Screenplay wise, Zemeckis and Christopher Browne make a good thing out of Petit’s book, ‘To Reach the Clouds’. This true story as they say can feel far fetched but then that just goes to show what a dynamic character Philippe was and assuredly still is. The way they bring in narration to open the plot could be dumb and yes it whacks with exposition but it’s dealt with in a creative and also visual flair that helps invite us in. The travel through his life is interesting and we get why he’s up for this death-defying act. The only wobbly steps are with the relationship with Annie that never feels alive and the walk itself.

I heard one audience member behind me gasp loudly as he shakes near the end of his extended showmanship, but I didn’t get why. The walk was the lamest part for me, after all the build up I didn’t even think the visuals were truly astounding. IMAX suits the sky piercing towers well and gives the film depth and scale but it all looked green screen and graphic created to me like the effects team putting out their elongated money shot for the Academy. As he kept going back and forth I grew tired of the routine, honestly. I may be saying something mad here as he did do this for real, but the walk of The Walk was the least interesting note to take away from this film.

Alan Silvestri’s score does feel magical and sweeps high and low for the character driven moments, from Philippe’s first step out onto the wire to the paranoid midnight ‘coffin’ fixing he does. The music may be the only reason I got gripped as Petit lays on the wire to take in the sky above. The opening Parisian sequence with black and white as the canvas gifts the movie that fantastic creative flair I mentioned before and then from the initial mention of the NY World Trade Center to the credits there’s that unshakable feeling you get of knowing they’re not there anymore, it makes the last line of the film utterly powerful even for someone not from the city or America.

Joseph Gordon-Levitt sinks under his blackened hair and blue contacts to deliver a clownish performance as the driven artistic mind of Philippe Petit. The French accent is convincing, it may waver a couple of times but that’s it, he pulls of the vocal very well. In his eyes you can see that determination but worried vulnerability as he wonders whether the Towers and the wire will be kind to him. Ben Kingsley comes along for a few scenes and does his thing to almost steal the show. Skipping from wise teacher to mad uncle, he helps Petit along the way with strong advice and mentoring. Charlotte Le Bon arrives with a graceful presence with her musical dreams and through her acting we see her commitment to Petit but her love fades as she loses her grip on her own dreams.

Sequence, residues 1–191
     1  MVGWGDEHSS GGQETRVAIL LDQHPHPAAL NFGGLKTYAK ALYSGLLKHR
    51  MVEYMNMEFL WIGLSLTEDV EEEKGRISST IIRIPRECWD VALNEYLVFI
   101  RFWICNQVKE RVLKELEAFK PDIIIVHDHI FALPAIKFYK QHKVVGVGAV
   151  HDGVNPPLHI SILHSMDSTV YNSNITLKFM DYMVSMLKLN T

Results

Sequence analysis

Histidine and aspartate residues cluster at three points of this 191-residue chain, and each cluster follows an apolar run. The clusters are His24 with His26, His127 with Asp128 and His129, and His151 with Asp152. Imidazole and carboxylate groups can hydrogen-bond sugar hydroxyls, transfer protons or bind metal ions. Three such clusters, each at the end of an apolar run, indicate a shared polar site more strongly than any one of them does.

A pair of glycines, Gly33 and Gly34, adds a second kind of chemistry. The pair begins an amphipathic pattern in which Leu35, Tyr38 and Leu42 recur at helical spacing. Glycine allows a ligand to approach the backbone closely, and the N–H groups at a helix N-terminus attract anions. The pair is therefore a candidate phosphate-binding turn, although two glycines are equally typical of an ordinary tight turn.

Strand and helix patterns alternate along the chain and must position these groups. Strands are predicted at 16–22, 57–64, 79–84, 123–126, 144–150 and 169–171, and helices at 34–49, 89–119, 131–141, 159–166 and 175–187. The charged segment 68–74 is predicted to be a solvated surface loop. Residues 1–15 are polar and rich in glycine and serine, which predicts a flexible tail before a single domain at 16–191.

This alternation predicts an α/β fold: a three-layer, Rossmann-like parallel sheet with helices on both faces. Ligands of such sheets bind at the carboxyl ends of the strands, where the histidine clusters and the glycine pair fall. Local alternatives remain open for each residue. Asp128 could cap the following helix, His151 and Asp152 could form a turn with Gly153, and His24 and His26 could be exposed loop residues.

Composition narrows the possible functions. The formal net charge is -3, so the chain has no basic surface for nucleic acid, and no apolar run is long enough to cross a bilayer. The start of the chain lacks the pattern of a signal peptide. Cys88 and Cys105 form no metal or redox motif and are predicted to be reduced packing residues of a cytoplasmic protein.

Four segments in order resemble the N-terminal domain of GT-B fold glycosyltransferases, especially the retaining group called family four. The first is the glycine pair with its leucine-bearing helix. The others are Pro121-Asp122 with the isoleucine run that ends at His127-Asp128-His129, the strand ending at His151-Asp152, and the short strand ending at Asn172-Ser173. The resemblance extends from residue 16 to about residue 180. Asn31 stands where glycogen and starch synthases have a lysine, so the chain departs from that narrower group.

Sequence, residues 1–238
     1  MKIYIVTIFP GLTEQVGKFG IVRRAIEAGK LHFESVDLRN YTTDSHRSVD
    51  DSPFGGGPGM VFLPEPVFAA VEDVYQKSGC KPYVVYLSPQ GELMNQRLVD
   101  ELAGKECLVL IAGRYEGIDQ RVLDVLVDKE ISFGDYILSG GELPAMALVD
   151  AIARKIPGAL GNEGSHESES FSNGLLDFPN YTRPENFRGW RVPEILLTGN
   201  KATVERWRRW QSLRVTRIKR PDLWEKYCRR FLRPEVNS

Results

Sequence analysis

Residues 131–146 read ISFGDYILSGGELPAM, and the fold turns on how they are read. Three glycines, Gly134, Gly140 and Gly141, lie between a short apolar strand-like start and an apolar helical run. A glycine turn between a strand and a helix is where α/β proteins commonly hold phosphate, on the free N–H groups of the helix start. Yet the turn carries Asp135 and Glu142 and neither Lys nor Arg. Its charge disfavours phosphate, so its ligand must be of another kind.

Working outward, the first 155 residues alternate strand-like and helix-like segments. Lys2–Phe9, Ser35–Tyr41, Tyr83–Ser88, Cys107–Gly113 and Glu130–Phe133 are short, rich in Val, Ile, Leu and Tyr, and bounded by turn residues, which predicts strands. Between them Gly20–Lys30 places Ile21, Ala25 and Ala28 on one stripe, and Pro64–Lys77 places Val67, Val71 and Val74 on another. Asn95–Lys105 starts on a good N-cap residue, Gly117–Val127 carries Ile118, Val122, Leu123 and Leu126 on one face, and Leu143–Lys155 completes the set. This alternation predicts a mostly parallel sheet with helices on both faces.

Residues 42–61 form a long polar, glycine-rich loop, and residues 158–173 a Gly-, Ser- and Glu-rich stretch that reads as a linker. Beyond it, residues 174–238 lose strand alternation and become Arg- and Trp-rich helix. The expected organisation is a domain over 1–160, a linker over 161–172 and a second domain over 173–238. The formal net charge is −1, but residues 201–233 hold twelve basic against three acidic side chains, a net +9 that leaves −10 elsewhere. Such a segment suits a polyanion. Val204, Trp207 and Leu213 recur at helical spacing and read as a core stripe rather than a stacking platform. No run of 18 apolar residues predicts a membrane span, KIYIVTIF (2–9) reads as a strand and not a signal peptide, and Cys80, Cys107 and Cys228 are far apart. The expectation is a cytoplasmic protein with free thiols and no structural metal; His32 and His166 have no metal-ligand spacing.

A fun film that does it’s work for the family, it has no grit or biographical feel that gives it any true weight but Levitt and the visuals are sparky throughout to muster up the enjoyment factor.


Don Jon (2013)


This got the number 8 spot in my top films of 2013 and I guess after watching it again, I shall expand on why I like it enough to warrant it a top 10 status. It’s incredibly slick and sexy, there’s a fine amount of comedy and romance and though some ideas aren’t perfect the movie proves to be cool, clever and interesting.

It’s a story revolving around the pumped up Jersey lad Jon Martello (Joseph Gordon-Levitt) who cares for his body, car, friends, women and porn. This last obsession could ruin the amazing chance he has with new partner Barbara Sugarman (Scarlett Johansson) and maybe a fellow night student called Esther (Julianne Moore) could make Jon see what he’s doing wrong.

As a debut director, Gordon-Levitt nearly hits it out of the ball park. He does definitely demonstrate some charisma in acting and directing terms, the quick and smooth sections accompanied by spot on voice overs contribute to this stylish feel. It’s in his world of porn viewing that the largest amount of style and comedy arrives, the simplicity of the start up sound doing more than enough to crack a smile and make you realise what Jon is doing. This simple audio device is once again used to comedic effect in the nightclub scenes when Jon eyes up his next sexual partner.

It’s a confident film with a simple narrative utilising family, religion, relationships and sex. The routine Jon has is brilliantly executed in repeated images of him entering church or the gym, the panning shot of him and his family sat in their pew is a nice touch, if just for Brie Larson’s disinterest heightened more than at the dinner table. When a new figure comes along, some of these routines change and that has more effect after seeing them pretty much the same before then.

The whole debate of virtual sex and real dramatic partnerships is a great platform to base a film on and though it doesn’t go to outstanding levels, you do see both sides of the argument and ultimately there is an end answer to whether or no porn is brilliant. The laddish talk and fanastising of perfect women doing all kinds of things is understandable and so to is the flip-side of someone not appreciating them loving it more than them. Seen through manically edited porno videos to raise the adrenaline or the twee romance of movies starring Channing Tatum and Anne Hathaway is a big contrasting tool to set apart Jon and Barbara and however obvious there stances on life are, it works well.